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India hope for better headlines at Asian Games
N.Ananthanarayanan | November 28, 2006 12:51 IST
Indian shooters won 16 gold medals at the Commonwealth Games in Melbourne this year, although Doha will provide tougher competition with China, South Korea, Japan and Kazakhstan in the fray.
"In the last games we won only two silver medals," national coach Sunny Thomas told Reuters. "This time the bare minimum is five medals and surely they would include gold medals."
Pistol shooter Samaresh Jung, 36, who won five golds in Melbourne, will compete in four individual events. Olympic men's double trap silver medallist and Commonwealth Games champion Rajyavardhan Rathore and world trap champion Manavjit Singh boost the contingent.
Doping has soured India's achievements at major events over recent years.
In July, the Indian Weightlifting Federation was banned for a year and fined $50,000 after four lifters tested positive within a year, including two at Melbourne.
At the 2004 Athens Olympics, two women weightlifters, Pratima Kumari and Sanamacha Chanu, were caught for doping and last year discus thrower Neelam Jaswant Singh tested positive for a banned stimulant at the Helsinki world athletics championships.
Two male weightlifters were stripped of their medals after positive tests at the 2002 Commonwealth Games in Manchester.
Distance runner Sunita Rani also lost the gold and bronze medals she won at the 2002 Asian Games after traces of nandrolone were found in her urine although the medals were returned after discrepancies in the testing procedure.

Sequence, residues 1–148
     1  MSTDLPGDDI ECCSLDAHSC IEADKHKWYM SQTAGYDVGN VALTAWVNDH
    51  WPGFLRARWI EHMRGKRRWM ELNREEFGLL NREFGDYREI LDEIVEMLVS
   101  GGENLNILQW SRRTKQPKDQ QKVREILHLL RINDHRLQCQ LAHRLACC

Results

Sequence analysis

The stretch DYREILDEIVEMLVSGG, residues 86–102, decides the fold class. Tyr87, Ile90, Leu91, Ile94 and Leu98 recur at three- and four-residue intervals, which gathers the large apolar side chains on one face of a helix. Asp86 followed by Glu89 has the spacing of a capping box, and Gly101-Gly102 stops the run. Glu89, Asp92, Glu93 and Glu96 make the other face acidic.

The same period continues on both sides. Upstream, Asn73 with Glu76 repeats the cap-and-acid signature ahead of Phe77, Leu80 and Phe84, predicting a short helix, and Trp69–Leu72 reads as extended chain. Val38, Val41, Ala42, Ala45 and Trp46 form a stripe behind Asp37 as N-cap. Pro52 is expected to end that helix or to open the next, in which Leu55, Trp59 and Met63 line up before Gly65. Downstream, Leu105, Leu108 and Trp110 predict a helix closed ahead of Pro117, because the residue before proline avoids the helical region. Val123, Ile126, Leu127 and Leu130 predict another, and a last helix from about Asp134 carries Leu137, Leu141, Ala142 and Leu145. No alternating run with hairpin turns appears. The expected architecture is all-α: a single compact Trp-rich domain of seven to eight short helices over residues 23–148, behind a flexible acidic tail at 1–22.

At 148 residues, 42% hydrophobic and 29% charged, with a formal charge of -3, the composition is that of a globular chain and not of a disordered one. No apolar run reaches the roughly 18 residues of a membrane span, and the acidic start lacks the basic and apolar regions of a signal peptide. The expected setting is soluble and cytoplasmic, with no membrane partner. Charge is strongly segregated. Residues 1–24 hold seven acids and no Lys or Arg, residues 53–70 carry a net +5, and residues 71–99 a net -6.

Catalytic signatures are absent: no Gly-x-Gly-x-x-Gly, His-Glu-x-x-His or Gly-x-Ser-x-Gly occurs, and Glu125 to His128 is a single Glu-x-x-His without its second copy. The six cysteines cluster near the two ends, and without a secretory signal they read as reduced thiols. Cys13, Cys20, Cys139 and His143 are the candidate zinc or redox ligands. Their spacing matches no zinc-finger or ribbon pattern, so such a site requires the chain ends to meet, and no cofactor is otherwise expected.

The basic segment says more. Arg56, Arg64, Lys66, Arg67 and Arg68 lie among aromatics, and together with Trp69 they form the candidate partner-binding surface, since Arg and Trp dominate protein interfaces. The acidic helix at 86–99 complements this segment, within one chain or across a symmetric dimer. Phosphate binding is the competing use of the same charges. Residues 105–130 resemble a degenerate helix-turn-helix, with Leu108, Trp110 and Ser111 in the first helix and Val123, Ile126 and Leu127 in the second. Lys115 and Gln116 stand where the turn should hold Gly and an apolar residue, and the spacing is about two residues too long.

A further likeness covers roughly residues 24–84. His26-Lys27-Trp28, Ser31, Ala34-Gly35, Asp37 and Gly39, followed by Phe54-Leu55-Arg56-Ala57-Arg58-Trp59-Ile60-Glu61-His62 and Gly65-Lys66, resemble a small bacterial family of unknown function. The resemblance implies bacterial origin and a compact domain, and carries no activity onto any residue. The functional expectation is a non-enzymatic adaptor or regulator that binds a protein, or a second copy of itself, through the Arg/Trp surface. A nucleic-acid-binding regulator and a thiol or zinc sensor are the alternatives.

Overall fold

India, as hosts of the next Commonwealth Games in New Delhi in 2010, can ill afford another scandal.
Officials preferred to concentrate on the nation's medals prospects ahead of the Doha Games, which open on Friday.
"We hope to win medals in as many disciplines as possible, especially in shooting and athletics where we did well in the Commonwealth Games," said Indian Olympic Association (IOA) president Suresh Kalmadi.
India won seven of their 11 gold medals in track and field in Pusan, South Korea, in 2002 when they finished seventh in the medals table.
"I guarantee good performances, much better than the last Games," Athletics Federation of India (AFI) secretary Lalit Bhanot said. "I'm not predicting medals simply because one can't say how well other countries have prepared."
India are expected to retain the kabaddi title, which they have won since its inception in 1990, and expect medals from hockey, tennis, chess, billiards and snooker, archery and boxing.
In hockey, the eight-times Olympic champions have substantially revamped their squad, axing six players from the side which slumped to 11th in the World Cup in September.
Experienced midfielder Viren Rasquinha was among those who failed to find a place in the 16-member squad.